(This strategy also assumes that your marathon route is pretty uniform – if you have big hill sections or other challenges, you need to factor these into your training and pacing strategy.)
The 4 Hour Marathon Pace
In order to get around your marathon in exactly 4 hours, you would need to run a 9 minutes 9 seconds per mile pace, or 5 minutes 41 seconds per kilometer.
Here’s the thing though – no marathon is perfect.
Whether it’s hills, fatigue, toilet stops, crowds at the start, or that old knee injury, something is likely to slow you down at some point in your run.
That’s why I always recommend you plan to run a little faster than an exact 4 hour pace.
If you were to allow for 10 minutes of padding – thus finishing in 3hrs 50mins if all goes well, then your marathon pace would be:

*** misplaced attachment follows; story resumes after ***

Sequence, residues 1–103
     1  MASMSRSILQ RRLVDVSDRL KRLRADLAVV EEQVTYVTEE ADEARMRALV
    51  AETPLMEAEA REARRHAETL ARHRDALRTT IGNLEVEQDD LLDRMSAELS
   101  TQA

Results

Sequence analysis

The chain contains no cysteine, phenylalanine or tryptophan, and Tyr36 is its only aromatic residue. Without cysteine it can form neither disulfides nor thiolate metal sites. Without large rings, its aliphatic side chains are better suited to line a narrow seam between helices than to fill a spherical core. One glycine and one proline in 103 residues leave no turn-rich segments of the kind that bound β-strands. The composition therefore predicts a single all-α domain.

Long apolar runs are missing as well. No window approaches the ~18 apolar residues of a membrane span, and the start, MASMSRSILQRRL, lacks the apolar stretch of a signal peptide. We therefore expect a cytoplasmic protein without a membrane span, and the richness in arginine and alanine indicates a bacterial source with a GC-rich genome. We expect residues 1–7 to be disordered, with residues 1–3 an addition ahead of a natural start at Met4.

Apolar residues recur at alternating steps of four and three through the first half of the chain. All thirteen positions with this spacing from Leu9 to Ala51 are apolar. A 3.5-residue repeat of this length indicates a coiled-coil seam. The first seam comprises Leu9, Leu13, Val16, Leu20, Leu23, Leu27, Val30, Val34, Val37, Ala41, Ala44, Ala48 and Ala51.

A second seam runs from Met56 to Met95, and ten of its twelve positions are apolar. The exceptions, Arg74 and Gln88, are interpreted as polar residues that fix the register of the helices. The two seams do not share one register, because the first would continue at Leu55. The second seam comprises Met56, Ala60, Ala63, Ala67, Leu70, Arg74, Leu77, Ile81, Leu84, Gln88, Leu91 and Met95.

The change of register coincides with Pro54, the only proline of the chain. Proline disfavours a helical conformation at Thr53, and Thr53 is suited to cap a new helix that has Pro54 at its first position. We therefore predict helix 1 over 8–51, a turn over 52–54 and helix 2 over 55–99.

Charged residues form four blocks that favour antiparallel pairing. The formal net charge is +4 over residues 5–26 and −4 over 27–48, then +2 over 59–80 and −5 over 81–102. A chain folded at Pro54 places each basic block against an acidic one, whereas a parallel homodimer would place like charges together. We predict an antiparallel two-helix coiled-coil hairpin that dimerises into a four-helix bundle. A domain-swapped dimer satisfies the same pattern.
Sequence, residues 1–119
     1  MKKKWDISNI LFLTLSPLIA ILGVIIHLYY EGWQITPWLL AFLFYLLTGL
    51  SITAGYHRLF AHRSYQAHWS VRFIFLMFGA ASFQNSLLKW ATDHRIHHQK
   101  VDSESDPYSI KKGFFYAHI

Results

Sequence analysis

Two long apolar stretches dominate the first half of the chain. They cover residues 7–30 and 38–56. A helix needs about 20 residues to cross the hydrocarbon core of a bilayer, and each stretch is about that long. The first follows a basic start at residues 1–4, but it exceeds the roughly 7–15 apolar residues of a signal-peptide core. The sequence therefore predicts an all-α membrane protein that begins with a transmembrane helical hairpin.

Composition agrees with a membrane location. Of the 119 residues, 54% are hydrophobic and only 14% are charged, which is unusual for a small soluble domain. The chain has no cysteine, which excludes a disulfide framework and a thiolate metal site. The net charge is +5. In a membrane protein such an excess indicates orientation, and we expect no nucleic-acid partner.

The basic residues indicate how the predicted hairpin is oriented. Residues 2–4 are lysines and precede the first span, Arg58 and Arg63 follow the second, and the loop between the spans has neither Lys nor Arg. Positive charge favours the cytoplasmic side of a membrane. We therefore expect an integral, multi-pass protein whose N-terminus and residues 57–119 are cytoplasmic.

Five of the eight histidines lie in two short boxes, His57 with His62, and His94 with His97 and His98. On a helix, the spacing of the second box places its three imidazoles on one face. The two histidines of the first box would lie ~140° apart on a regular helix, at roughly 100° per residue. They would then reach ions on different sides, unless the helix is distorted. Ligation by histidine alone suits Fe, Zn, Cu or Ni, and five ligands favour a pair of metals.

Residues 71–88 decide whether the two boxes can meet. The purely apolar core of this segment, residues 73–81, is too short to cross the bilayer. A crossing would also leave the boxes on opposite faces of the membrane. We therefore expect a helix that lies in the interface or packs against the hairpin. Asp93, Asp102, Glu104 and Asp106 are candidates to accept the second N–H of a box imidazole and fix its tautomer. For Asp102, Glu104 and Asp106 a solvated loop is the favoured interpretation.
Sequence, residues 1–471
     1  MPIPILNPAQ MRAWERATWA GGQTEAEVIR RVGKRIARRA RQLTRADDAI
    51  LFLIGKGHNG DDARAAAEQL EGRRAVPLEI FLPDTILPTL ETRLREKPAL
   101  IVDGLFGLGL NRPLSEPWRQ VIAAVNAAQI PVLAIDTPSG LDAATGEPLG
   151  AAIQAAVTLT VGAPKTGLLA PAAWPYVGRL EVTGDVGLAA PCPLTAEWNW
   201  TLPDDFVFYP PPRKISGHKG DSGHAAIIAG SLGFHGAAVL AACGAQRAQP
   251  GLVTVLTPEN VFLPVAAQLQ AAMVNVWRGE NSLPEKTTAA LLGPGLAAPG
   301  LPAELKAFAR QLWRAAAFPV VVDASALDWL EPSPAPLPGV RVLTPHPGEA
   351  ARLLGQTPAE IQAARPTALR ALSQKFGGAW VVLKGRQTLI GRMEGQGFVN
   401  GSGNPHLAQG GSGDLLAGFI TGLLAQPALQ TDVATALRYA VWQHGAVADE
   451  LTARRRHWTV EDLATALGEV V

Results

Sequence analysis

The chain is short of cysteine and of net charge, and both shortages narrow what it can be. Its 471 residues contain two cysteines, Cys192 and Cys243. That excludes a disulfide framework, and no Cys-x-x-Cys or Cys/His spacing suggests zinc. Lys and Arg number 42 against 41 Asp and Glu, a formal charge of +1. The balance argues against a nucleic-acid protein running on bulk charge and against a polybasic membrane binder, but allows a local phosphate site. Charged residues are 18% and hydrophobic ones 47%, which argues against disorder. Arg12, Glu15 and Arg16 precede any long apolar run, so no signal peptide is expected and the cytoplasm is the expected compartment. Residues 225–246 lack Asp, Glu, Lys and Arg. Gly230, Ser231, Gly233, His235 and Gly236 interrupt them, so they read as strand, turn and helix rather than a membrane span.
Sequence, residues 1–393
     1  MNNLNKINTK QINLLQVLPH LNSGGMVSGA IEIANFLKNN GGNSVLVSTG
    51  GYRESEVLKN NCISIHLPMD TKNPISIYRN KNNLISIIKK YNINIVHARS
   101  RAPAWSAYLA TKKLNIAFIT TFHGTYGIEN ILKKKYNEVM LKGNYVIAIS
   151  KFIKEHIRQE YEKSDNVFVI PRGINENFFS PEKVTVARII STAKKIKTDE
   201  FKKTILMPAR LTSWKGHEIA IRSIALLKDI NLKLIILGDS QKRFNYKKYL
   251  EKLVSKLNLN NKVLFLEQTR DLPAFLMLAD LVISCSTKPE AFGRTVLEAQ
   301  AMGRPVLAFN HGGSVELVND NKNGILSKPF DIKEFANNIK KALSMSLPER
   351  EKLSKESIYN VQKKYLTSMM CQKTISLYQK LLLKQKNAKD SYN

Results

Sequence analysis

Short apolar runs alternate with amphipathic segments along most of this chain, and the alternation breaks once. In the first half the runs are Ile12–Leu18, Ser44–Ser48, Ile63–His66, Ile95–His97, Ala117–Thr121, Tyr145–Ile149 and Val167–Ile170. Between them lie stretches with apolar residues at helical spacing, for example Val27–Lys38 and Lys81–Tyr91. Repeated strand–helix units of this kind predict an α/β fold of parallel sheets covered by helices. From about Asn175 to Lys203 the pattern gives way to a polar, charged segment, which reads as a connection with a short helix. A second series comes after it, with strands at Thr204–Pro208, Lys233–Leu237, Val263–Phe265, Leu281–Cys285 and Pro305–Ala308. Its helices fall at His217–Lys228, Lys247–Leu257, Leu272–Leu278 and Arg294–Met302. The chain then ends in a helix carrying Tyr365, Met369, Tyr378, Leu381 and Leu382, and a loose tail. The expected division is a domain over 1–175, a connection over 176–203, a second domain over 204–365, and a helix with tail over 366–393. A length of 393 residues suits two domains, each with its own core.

8:46min/miles, or 5:27min/km
Write this pace down on a post-it, stick it on your fridge or somewhere you’ll see it!
The truth is, when I am aiming for a 4 hr marathon I’ll constantly check my GPS and try to always be a little under the 4 hour marathon pace, by a few seconds per mile/km.
It’s fine to go faster than this pace, but don’t go too much faster – all we want to do is finish within 4hrs, right?
And the last thing you want to do is use up energy early on that you later really need.
OK, so we’ve established how fast we need to run, and that we are gonna run as close to a consistent pace as possible, right?
So now, let’s look at how to train for this.
4 Hour Marathon – Training
Jump to the end of the post to get a copy of our sub 4 hour marathon training plan.
Here I’ll describe the elements of the training plan, the minimum recommended length of the training plan, and why a training plan is so great in the first place.